Friday, December 12, 2008

Links : Kill Your Database with Terracotta

I am going to start a new series from this post. Many times you find great article on the internet that you would like to share with others. "Links" is one such series.

And very first link here is an Article written on Terracotta : An amazing technology for java application clustering. Its here : Kill Your Database. Terracotta is clustering technology with built-in support for HA. Clustering is all about shared data and when you talk about HA, you are actually caring for the shared data, its availability. Terracotta implements it by writing every change to shared data to disk in transactional manner. So if your data whose life is short or medium, (often you need to store derived data from the temporary data which is very large, and we use RDBMS for all of this) you can use terracotta to store it in very fast manner : since you don't have to convert data to relational model its all java. Pretty powerful!!. Other use case is Database off-loading which means you can use terracotta to store all data temporarily and then write to your database in manner which would not affect end-user response time. By doing this you remove database access and operation time from response time ( which mostly is the very significant part of the response time). Article mentioned above touches all these concepts. I will add one more link on terracotta org-site which describes this case ( and all other wonderful use-cases for terracotta). Here it is : Write Behind SOR. If you read my previous post, I had exactly discussed the same idea : Write Behind or Asynchronous writes. That time I knew only coherence supported this. Then I came to know that Gigaspaces also supports it. ( See comments below on the same post). But terracotta would be the most exciting among them all. Why? One reason is all existing application can easily integrate this pattern in there application with very small change in code-base. Second reason terracotta supports lot of java framework out of the box.



Anonymous said...


There are few points that one should consider with this pattern:

1. What do you do in case you already have an existing database, how do you integrate existing system with this model? You would find that this is probably one of the more common scenarios. In this case you will also find that mapping data from its existing format to the In-Memory representation is required. Note the use of external datasource as a plug-in allows you to plug-in different database implementation and mapping styles. The common one would be hibernate plug-in for existing database and black-box plug-in in case your just looking for durability and you don't care how the data is being stored. We found that this level of flexibility is required as in many cases the database serves also as an integration point with other applications and not just as a persistent storage.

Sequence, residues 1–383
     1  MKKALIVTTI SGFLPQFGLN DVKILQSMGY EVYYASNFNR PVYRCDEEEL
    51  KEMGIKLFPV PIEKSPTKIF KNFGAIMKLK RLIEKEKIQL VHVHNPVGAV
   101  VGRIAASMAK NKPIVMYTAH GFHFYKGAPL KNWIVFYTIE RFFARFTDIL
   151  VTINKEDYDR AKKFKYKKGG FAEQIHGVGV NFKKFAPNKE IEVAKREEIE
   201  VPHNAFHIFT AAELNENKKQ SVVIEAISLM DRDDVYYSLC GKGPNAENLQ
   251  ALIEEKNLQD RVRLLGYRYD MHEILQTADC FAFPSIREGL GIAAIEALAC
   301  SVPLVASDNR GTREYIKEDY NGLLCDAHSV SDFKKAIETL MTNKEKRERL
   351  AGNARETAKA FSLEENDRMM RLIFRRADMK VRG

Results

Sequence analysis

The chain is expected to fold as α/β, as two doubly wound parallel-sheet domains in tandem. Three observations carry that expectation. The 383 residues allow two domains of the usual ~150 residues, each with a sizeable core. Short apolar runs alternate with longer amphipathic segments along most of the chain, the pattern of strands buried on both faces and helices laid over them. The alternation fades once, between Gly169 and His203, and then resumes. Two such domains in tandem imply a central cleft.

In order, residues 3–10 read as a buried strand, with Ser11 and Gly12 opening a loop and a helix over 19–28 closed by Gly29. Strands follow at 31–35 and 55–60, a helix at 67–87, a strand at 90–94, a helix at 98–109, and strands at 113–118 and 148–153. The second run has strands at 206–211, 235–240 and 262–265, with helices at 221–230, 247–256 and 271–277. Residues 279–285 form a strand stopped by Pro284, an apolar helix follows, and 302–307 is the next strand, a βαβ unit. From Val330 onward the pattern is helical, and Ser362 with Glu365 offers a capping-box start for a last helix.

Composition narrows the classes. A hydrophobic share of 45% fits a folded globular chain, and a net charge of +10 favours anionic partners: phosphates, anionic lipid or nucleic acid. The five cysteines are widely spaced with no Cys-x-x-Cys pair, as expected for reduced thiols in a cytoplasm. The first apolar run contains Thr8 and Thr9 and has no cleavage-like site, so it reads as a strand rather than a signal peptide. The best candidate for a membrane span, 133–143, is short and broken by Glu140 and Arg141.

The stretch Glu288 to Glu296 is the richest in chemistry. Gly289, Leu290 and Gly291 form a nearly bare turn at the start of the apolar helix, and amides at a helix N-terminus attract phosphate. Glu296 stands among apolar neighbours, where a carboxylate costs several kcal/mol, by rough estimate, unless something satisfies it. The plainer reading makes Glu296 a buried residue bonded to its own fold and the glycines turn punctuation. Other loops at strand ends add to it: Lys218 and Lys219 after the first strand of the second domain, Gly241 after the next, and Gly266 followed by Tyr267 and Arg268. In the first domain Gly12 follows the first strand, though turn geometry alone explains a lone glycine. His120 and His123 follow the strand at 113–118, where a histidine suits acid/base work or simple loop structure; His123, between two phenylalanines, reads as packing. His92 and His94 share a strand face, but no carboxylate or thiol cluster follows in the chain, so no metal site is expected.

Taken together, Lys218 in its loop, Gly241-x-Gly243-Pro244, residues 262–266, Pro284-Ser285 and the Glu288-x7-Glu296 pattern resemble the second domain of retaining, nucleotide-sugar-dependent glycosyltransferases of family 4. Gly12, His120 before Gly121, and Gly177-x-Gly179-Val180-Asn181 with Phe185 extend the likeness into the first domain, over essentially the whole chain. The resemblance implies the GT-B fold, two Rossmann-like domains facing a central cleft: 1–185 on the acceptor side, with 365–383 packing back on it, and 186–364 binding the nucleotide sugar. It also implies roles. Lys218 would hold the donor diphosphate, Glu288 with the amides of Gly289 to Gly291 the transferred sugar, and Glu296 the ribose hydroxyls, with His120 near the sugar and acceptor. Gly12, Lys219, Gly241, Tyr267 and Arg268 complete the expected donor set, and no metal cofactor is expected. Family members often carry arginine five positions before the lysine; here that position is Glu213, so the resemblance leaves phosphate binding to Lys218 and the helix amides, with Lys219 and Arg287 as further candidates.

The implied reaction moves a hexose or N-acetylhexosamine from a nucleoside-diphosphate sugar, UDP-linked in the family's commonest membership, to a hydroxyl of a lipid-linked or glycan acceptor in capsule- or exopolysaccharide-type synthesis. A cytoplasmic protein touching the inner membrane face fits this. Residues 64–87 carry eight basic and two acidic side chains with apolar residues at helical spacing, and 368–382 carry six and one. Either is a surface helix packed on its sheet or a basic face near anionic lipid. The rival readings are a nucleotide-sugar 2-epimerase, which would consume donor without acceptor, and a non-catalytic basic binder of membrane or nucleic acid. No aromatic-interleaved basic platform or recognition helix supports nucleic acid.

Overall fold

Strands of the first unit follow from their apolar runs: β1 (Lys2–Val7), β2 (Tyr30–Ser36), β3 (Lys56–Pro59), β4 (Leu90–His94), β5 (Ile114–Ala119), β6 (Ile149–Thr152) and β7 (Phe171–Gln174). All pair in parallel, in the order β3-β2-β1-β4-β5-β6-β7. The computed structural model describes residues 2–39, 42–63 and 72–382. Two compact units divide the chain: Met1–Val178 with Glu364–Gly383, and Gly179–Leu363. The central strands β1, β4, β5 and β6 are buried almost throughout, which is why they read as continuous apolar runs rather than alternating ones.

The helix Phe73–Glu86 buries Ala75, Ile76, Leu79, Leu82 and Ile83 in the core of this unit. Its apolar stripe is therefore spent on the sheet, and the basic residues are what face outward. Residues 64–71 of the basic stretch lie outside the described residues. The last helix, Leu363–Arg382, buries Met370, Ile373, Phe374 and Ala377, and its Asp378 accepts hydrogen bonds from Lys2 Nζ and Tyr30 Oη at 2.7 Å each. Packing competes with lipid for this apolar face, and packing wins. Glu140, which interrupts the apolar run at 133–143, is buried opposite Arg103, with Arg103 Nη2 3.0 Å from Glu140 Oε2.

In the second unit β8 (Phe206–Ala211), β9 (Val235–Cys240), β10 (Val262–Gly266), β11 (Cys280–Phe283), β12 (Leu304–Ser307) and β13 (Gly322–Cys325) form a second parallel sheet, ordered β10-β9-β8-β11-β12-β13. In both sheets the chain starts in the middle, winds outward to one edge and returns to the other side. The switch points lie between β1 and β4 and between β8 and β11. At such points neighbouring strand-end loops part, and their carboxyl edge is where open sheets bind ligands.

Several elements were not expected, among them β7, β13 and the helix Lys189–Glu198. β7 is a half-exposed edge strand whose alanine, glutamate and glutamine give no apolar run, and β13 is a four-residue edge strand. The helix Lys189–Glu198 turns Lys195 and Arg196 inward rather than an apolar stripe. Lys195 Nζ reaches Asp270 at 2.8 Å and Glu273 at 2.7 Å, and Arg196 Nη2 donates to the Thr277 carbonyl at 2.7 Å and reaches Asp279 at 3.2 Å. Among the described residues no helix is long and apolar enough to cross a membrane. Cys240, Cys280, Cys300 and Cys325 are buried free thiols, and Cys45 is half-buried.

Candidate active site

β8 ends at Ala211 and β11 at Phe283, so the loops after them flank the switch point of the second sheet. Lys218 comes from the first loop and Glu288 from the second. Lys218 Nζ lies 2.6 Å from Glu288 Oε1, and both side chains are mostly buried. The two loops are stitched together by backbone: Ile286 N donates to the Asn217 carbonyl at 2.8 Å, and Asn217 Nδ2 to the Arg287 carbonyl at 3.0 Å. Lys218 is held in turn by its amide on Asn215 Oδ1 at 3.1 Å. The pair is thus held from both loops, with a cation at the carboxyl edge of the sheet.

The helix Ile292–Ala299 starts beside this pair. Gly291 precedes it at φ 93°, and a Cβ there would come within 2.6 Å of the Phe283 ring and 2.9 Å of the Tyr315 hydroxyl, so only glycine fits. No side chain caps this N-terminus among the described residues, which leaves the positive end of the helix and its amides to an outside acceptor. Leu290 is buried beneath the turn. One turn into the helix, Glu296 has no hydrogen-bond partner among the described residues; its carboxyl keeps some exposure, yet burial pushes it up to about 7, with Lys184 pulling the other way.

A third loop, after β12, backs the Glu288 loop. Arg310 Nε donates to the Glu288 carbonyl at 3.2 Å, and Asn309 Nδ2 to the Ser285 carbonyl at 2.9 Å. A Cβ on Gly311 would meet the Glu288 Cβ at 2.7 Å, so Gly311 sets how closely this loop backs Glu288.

2. What happens in case of a failure i.e. when the database server is down for 10 hours? Can the application continue to run?

3. How do you manage the transaction scope? If transaction is blocked until the database is synched you may loose large part of the performance benefit of working in-memory for read/write scenarios.

This has been some of the assumptions behind the design of our reliable async replication and Mirror service which runs today and already being used in most mission critical application in the trading area.

You can see more details on this pattern in some of my earlier posts here and here

Nati S.

web design India said...

ur blog Is very nice

Anonymous said...
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Geek said...

Hi Nati,
Again thanks for the some more light on the real issues. Recently there have been very much interest in the idea of using Terracotta as some sort of data storage medium. Surely, it can be done but usage is limited. Terracotta can not be used as in-memory grid. But surely, it has some extensions like tim-async which implement part of the functionality of IMG and in some situation would be perfect fit. Terracotta reference application is one good example of this pattern.


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